Industrial Organization and Competition Policy

lecon2370  2019-2020  Louvain-la-Neuve

Industrial Organization and Competition Policy
Note from June 29, 2020
Although we do not yet know how long the social distancing related to the Covid-19 pandemic will last, and regardless of the changes that had to be made in the evaluation of the June 2020 session in relation to what is provided for in this learning unit description, new learnig unit evaluation methods may still be adopted by the teachers; details of these methods have been - or will be - communicated to the students by the teachers, as soon as possible.
5 credits
30.0 h
Johnen Johannes;

The prerequisite(s) for this Teaching Unit (Unité d’enseignement – UE) for the programmes/courses that offer this Teaching Unit are specified at the end of this sheet.

At the end of this learning unit, the student is able to :


The contribution of this Teaching Unit to the development and command of the skills and learning outcomes of the programme(s) can be accessed at the end of this sheet, in the section entitled “Programmes/courses offering this Teaching Unit”.
The goal of the course is to familiarize students with economic theory that underlies competition-policy practice. The students should get an intuitive understanding of basic economic concepts and strategic interactions of firms, consumers and regulatory concepts. To this end, the course discusses many applications in each topic, including actual competition-policy cases from Europe and North America.
Here is a list of the topics we will cover in class.
  1. Toolbox:
  • Elasticities
  • Identical Consumers (Bertrand, Cournot), Welfare Analysis
  • Nash Equilibrium
  1. Market Concentration:
  • Measures of Market Concentration.
  • How to interpret Market Concentration? Harvard versus Chicago.
  • Entry and Concentration
  1. Cartels:
  • Collusion (static and dynamic)
  • Factors impacting tacit collusion (demand shocks, firm size, concentration,...)
  1. Differentiated Products:
  • Hotelling with exogeneous location
  • Hotelling with endogeneous location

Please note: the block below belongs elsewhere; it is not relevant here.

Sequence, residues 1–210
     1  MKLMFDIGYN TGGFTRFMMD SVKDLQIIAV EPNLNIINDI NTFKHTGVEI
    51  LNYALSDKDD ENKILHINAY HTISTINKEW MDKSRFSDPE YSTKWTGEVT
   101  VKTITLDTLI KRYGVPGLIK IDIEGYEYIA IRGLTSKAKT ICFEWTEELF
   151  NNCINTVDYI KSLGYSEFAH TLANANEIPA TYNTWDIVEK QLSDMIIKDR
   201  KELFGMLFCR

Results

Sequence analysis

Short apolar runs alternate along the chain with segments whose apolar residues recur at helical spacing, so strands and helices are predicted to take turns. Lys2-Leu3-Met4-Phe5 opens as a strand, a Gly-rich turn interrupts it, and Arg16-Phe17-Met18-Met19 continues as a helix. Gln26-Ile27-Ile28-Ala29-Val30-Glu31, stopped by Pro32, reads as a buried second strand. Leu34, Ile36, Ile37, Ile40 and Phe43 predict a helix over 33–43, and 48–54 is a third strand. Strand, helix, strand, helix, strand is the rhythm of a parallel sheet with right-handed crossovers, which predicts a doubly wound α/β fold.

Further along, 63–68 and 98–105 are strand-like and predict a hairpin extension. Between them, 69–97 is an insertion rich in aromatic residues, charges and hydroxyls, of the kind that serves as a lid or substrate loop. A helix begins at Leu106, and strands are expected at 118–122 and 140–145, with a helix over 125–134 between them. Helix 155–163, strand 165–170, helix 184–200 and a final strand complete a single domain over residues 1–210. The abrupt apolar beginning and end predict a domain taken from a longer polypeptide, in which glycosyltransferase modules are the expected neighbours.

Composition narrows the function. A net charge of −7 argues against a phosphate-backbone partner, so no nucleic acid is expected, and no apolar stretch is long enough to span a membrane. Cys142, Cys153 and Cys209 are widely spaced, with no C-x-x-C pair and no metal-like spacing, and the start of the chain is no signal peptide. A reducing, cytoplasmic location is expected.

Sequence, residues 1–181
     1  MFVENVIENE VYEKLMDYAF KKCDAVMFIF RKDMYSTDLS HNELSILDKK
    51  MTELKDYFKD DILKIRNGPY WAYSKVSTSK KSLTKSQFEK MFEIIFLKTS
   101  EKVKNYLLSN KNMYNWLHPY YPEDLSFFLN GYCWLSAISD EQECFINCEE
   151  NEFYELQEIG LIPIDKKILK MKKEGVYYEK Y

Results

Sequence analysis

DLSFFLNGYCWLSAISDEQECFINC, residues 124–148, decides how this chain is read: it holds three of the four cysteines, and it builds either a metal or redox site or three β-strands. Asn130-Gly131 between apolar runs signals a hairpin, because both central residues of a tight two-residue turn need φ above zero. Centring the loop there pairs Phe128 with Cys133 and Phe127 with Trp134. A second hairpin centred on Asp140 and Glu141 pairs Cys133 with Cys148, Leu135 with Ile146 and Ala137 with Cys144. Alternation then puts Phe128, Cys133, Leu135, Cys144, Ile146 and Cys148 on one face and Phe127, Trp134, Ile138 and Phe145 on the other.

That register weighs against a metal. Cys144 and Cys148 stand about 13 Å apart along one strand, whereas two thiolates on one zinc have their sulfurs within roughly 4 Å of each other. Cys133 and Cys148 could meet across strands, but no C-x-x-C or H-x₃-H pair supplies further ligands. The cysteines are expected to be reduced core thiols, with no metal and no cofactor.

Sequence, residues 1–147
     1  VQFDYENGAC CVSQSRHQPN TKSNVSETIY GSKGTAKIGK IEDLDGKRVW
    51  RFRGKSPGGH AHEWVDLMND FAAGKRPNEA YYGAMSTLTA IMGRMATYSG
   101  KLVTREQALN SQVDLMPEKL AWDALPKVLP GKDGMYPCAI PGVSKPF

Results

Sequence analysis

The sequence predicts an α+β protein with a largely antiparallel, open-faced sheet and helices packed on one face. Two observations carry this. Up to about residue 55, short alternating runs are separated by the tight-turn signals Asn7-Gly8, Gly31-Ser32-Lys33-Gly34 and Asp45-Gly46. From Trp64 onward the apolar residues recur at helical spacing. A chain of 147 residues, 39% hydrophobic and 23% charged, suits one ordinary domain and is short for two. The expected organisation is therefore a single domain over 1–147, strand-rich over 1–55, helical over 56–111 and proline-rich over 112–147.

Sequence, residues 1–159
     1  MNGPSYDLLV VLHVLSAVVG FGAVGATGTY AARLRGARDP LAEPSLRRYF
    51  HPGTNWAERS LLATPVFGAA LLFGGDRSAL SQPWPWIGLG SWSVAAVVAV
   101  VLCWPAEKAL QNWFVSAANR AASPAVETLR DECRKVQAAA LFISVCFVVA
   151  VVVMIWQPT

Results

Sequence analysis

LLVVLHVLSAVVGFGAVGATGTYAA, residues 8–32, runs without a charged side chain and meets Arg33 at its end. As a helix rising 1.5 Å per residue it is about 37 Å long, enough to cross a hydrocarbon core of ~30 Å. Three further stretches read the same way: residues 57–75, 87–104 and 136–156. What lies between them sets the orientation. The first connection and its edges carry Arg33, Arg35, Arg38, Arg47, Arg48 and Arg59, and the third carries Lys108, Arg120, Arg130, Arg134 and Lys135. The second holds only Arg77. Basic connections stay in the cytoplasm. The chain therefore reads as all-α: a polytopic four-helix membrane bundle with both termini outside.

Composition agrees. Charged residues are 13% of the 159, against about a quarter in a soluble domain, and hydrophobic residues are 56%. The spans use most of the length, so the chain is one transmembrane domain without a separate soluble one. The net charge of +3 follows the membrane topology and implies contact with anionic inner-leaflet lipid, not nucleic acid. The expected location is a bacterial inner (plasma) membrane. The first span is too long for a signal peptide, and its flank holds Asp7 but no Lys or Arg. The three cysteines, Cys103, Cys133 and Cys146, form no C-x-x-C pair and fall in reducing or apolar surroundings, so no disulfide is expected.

• Hotelling with endogeneous location and fixed price
  • Salop Circle
  • Differentiated Bertrand and Cournot
  • Vertical Differentiation
  • Advertising (Dorfman Steiner Equation, Informative and Persuasive Advertisement)
  1. Entry:
  • Exogeneous Barriers to Entry (patents, natural monopoly, legal monopolies)
  • Strategic Barriers to Entry
  • Strategic Investments
  • Predatory Pricing (deep pockets, chain-store paradox, incomplete information with Kreps Wilson and Milgrom Roberts)
  1. Mergers:
  • Merger Paradox
  • Williamson trade-off
  • Product differentiation
  • impact on coordination
  • complementary products
  1. Vertical Relations:
  • Vertical externalities (vertical restraints, double marginalization)
  • Horizontal externalities (prices, services)
  • Foreclosure
  1. Information (If time):
  • Market for Lemons
  • Signalling (Advertisement as price or quality signal, return warranties, branding)
Teaching methods
The goal of the course is to familiarize students with economic theory that underlies competition-policy practice. The economic theory will be introduced using economic models. But the course puts great emphasis on an intuitive understanding of these concepts. To this end, we will freuquently discuss applications of the theory and real-life competition-policy cases from Europe and North America.
Evaluation methods
The students can submit a graded homework on which they have to work in groups. The graded homework consists of three parts. First, one part on the understanding of basic economic concepts that were discussed in class. Second, a part on a theoretical model. Third, a very applied part where the students have to apply the economic concepts that we discussed in class to discuss a real-life economic problem. This can be, for example, aspects of a real-life competition-policy case. The final written exam in January also consists of these three parts.
The final grade results as follows:
If final exam is better than grade of the problem set, the exam grade equals the final grade.
If the exam is worse than the grade of the final exam, the final grade = 2/3 exam + 1/3 problem set.
This way, submitting a problem set can never be to the disadvantage of the students.
Other information
The language of the class is English.
Online resources
Available on Moodle:
  • Tirole, Jean, The Theory of Industrial Organization, MIT press. (Good for Theory)
  • Motta, Massimo, Competition Policy: Theory and Practice, Cambridge University Press. (Simple versions of Theory, very applied).
  • Belleflamme, Paul and Martin Peitz, Industrial Organization: Markets and Strategies, Cambridge University Press. (Closest to Course. But Course deviates from it!)
Faculty or entity

Programmes / formations proposant cette unité d'enseignement (UE)

Title of the programme
Master [60] in Economics : General

Master [120] in Agricultural Bioengineering

Master [120] in Economics: General